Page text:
Bosworth: Two years ago in July, I was on paternity leave with my second child. Mark was over at the house holding my daughter, who at that point was three or four weeks old. Kind of out of the blue he said, “You should come work on AR/VR.” I said, “First, you have to give my daughter back. That’s too much leverage.”

I was a bit of a skeptic. These are hard challenges, and it’s going to take a long time. I said, “Well, I’ll think about it.” And he said, “I guess you can think about it.”

What convinced you?

The team I had in place while I was on paternity leave was executing really well. The second was Mark was really serious about the investment level, and so we went for it.

At the time, there wasn’t a single team. It was a collection of different teams. When I took the role, we consolidated the pieces into one. We kind of worked backward from what I thought was important about these technologies to get to the scope of the investment. This can’t be VR only for gaming. It has to be for people to collaborate, to remap how people feel and connect. Mark agreed with me.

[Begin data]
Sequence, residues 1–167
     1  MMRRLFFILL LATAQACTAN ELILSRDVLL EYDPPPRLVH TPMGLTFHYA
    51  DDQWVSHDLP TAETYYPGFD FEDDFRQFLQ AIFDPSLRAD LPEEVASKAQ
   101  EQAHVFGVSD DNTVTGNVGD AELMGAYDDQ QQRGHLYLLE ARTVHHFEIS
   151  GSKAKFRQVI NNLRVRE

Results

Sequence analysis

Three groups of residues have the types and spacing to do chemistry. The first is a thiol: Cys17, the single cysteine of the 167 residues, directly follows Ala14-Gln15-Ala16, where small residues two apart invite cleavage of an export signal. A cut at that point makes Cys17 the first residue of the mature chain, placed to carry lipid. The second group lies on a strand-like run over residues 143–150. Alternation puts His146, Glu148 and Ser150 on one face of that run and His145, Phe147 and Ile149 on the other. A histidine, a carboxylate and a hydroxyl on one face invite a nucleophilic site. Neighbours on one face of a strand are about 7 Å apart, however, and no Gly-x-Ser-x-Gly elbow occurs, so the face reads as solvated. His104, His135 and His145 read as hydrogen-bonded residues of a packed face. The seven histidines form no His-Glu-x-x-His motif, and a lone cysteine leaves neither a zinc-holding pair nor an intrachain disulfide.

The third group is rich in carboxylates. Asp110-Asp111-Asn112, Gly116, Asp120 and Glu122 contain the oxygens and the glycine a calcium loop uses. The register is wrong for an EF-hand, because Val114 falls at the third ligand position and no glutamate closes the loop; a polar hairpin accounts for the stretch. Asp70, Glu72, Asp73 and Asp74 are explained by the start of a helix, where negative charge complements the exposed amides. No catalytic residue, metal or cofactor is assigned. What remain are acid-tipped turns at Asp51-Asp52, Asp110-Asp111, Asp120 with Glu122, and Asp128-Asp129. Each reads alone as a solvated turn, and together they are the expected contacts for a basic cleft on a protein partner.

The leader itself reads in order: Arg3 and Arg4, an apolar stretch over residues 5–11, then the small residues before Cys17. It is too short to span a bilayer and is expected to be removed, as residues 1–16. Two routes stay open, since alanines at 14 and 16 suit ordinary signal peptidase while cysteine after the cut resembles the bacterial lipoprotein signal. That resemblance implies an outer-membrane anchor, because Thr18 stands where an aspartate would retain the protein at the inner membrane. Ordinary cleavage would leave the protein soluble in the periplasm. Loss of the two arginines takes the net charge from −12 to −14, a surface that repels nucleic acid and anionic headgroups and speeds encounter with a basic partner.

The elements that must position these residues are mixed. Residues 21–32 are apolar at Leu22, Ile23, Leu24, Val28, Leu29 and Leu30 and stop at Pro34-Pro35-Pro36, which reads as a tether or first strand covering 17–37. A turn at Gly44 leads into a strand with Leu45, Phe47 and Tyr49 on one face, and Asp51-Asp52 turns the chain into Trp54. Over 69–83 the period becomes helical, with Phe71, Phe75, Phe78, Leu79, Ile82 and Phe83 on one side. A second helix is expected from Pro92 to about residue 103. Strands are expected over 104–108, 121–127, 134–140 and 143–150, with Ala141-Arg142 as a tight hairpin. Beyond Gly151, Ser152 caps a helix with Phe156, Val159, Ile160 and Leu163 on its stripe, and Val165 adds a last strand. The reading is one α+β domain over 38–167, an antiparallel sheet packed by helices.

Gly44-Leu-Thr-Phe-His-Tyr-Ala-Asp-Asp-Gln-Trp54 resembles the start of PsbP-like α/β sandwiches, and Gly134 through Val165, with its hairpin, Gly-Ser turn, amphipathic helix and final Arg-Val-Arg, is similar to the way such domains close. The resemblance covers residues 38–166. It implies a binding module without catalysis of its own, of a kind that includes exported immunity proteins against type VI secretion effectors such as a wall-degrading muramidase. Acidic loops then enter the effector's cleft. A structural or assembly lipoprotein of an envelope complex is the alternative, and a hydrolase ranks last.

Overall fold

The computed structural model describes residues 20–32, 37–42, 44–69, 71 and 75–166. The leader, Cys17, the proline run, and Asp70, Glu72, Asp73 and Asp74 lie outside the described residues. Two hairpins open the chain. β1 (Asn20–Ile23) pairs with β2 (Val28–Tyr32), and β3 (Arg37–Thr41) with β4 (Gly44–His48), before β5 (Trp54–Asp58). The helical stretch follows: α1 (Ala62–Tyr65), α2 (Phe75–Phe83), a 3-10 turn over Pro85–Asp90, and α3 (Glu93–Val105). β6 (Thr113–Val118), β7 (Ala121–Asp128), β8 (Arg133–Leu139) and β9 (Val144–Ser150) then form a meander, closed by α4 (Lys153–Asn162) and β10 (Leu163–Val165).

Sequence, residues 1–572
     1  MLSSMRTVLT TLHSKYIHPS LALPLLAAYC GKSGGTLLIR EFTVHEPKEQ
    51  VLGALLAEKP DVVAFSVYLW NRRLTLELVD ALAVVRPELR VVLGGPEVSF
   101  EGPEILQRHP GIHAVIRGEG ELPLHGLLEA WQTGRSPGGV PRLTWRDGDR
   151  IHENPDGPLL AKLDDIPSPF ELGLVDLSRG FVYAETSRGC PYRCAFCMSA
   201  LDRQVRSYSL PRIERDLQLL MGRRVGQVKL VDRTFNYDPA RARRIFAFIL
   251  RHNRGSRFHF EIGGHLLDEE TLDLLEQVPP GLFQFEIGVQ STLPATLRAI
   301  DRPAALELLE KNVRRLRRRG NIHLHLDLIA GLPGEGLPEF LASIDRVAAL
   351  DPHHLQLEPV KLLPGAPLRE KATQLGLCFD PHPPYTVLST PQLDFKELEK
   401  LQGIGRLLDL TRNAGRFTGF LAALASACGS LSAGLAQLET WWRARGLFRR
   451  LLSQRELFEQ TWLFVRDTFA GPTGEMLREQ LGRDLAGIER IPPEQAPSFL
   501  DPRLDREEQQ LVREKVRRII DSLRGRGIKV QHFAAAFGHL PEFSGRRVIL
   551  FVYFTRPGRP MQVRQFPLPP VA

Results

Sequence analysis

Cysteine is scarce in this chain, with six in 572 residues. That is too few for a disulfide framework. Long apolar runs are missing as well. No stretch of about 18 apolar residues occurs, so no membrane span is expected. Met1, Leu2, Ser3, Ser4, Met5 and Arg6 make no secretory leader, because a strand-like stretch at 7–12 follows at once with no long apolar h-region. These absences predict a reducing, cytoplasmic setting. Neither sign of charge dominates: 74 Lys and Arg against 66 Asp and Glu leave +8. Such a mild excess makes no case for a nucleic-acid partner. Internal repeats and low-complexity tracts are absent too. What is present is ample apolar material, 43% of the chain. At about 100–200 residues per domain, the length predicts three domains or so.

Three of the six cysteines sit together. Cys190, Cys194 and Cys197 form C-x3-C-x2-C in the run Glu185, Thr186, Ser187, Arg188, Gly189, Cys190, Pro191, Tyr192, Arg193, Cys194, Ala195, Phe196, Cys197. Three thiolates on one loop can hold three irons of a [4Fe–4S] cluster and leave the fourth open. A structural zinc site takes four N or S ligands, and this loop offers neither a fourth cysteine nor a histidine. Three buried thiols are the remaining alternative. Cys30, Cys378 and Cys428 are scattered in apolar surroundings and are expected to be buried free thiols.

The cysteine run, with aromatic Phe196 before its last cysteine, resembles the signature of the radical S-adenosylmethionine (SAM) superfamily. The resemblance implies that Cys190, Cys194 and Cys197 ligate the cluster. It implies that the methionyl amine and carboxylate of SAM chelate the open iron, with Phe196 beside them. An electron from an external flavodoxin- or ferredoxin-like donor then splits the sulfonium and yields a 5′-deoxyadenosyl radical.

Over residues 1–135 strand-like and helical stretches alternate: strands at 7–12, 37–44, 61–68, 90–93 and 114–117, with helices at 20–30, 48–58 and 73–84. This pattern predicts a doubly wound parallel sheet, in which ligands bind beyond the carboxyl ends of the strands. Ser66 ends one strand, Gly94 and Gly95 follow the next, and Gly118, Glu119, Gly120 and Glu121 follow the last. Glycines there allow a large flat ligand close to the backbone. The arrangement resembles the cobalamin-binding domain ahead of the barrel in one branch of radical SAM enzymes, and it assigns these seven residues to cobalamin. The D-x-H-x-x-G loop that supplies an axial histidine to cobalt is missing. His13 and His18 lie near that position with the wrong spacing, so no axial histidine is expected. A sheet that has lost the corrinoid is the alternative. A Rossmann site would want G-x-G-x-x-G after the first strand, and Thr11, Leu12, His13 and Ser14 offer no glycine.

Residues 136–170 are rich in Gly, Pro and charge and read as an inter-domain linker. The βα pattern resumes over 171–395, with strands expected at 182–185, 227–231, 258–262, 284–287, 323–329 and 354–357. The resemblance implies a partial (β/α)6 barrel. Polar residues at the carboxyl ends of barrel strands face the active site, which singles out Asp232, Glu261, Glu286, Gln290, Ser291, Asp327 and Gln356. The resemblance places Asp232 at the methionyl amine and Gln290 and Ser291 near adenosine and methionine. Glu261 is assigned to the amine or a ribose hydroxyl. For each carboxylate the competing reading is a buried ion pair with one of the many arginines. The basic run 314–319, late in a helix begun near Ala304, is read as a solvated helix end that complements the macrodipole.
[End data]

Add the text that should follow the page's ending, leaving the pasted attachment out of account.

Do you think it will be harder for Facebook to sell consumers AR/VR products given its spotty history with user privacy?

As an organization, Facebook has to earn people’s trust. We know that. But the entire category has to earn people’s trust. You’re putting a thing on someone’s face. The entire category has to do this work to help people understand that these [devices] have sensors.

What are your greatest challenges as it relates to introducing new hardware?

The hardest challenge is getting a consumer feedback loop going—knowing what’s working and not working for them. Coming from web and mobile, you put software out and get to see people use it almost immediately. You could move so quickly in advancing the technology and making it what consumers want it to be. In hardware, that flip is much slower.

How closely do you work with Mark on AR/VR?